Response to infections - mechanims and fitness-consequences
Currently, I hold a position as a postdoctoral fellow in the laboratory of Dr. Fran Bonier at Queen’s University. My work is aimed at understanding how parasitic infections change across life stages, and how different types of parasite interact with each other within a host infected with more than one kind of parasites, ultimately affecting its fitness and reproduction. To do so, I am experimentally medicating wild red-winged blackbirds (Agelaius phoeniceus), a species well known for its high tolerance towards malaria, to treat their infections, and measure medication effects on fitness, behaviour and reproduction of adults as well as growth, physiology, immune function, and behaviour of their offspring. Overall, this research aims to understand how disease impact fitness and reproduction.
Collaborators: Dr. Fran Bonier (Queen’s University) and Dr. Ignacio T. Moore (Virginia Tech)
Duration of the project: 2016 - present
Proximate mechanisms regulating individuals' adaptations to droughts
My research focused on the proximate mechanisms that allow individuals to persist in transient environments. Particularly, I examined how hormones, energy availability (measured as RMR using respirometry) and serum biochemistry parameters are regulated during periods of resources abundance and scarcity, and how ultimately they affect behavior, health, fitness and survival. The overall aim of this project was to understand how species can adapt in the face of increasingly erratic environmental conditions. To achieve my goals I spend several months at a time in the field in Africa and looked at how a non-desert specialist species, such as the African striped mouse (Rhabdomys pumilio), copes when the conditions in its environment are predictable (e.g. seasonal) and unpredictable (e.g. duration of dry season). Overall, the results of this research gave us important insights for our understanding of the effect of climate change on species adaptability.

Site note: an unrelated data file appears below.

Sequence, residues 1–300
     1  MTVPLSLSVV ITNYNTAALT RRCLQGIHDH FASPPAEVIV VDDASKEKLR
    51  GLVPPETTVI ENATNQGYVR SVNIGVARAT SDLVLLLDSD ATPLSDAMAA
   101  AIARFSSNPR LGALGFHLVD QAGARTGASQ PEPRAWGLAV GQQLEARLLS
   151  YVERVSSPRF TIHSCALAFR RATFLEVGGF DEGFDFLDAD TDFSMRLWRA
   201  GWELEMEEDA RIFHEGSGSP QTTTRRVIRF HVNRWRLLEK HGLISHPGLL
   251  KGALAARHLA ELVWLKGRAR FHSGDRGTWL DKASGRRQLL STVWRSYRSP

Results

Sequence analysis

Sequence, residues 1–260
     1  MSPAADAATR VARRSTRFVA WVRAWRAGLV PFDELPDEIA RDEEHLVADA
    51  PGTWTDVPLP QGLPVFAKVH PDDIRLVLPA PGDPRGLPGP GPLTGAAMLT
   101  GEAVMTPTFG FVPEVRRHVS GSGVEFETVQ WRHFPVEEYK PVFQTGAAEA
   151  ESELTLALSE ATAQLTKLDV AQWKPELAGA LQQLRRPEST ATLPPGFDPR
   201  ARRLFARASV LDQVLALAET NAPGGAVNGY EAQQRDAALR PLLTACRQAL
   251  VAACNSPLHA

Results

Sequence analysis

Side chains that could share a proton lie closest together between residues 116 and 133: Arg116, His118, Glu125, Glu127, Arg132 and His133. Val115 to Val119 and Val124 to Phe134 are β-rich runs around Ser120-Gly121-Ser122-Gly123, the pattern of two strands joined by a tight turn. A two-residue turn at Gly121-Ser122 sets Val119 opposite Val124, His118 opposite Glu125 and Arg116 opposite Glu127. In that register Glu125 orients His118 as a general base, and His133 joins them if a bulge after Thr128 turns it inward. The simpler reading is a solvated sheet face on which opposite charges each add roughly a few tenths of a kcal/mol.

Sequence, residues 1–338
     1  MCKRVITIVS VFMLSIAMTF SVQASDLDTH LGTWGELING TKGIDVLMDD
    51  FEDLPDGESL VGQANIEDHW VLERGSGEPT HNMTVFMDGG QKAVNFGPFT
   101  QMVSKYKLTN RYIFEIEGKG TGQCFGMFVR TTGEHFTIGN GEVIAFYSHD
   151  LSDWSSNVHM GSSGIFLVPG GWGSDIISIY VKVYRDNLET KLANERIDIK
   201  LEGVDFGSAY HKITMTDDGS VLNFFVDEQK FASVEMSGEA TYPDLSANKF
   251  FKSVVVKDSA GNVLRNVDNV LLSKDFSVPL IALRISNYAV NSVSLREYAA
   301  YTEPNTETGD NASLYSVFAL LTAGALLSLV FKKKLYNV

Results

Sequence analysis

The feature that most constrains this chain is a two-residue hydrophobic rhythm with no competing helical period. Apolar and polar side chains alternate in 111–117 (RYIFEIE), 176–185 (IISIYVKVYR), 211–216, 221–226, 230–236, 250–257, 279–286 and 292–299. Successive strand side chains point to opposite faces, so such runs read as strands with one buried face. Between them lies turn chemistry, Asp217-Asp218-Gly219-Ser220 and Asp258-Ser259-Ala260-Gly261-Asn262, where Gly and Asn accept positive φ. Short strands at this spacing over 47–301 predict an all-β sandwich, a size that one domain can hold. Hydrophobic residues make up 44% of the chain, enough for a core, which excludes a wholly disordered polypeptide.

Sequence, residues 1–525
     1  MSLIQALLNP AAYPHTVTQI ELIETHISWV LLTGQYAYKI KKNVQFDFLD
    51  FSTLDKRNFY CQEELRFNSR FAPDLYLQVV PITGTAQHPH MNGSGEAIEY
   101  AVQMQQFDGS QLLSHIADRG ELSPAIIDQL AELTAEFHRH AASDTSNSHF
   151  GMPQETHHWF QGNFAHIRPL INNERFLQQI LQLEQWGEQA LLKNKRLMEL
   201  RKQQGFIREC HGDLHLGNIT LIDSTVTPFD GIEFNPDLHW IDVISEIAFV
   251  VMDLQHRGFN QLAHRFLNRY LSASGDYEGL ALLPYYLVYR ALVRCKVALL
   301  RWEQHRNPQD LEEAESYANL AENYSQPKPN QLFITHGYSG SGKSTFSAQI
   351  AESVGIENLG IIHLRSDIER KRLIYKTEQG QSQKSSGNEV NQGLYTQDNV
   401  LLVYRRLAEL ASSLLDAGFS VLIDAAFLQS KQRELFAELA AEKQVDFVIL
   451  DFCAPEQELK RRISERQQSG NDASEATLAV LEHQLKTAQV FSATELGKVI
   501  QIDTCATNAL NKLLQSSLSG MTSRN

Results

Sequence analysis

Collaborators: Prof. Neville Pillay (University of the Witwatersrand) and Dr. Carsten Schradin (CNRS, University of Strasbourg)
Duration of the project: 2013-2015
Environmental Causes and Physiological Consequences of Social Flexibility
For my doctoral degree I studied the proximate mechanisms and ultimate reasons that lead to the formation of alternative mating systems. I was particularly interested in testing whether ecological constraints, such as high population density would lead to individuals choosing to live in groups, while reproductive competition would lead to individuals choosing to live solitarily. To do so, I used the socially flexible African striped mouse (Rhabdomys pumilio) and carried out multiple field experiments, where I manipulated local population density by removing entire groups of mice to create vacant territories for neighboring individuals to move into. To control for the effects of reproductive competition I carried out the experiments during the breeding and the non-breeding season. Because I was interested in the ultimate causes and proximate mechanisms of sociality my research took a multidisciplinary approach, which involved gathering behavioral, physiological and life-history data of individuals before, during and after a dispersal event. My PhD thesis has resulted in publications in high ranking journals, including the Journal of Animal Ecology and Hormones and Behavior; and, has been presented at internationally important conferences such as ISBE, Behavior and ASAB.
Collaborators: Dr. Carsten Schradin (CNRS, University of Strasbourg) and Prof. Barbara König (University of Zurich)
Project dates: 2008 - 2012
Tools for effectively surveying wild species and environmental enrichment of zoo animals
I undertook my MSc in Conservation a University College London. For my thesis I worked on an exploratory study of the application of camera trapping techniques, focusing on the relationship between camera trapping rates and the biology of large mammals of Thailand and Myanmar. This project was developed by working closely with Dr. Chris Carbone from the Institute of Zoology at London Zoo and Dr. Julian Thompson (UCL).
I had a keen interest in ecology and evolution since a young age. To pursue a career as an evolutionary biologist I moved alone at the age of 18 from Italy to the United Kingdom, where I studied for a BSc (Hon) in Zoology. My final year project aimed at testing the use of a novel dietary enrichment as a tool to enhance interactions in a pair of captive Maned Wolves (Chrysocion brachiurus) at London Zoo with the ultimate goal of boosting reproduction in this endangered species. This project was carried out under the supervision of Prof. John Gurnell (Queen Mary University of London).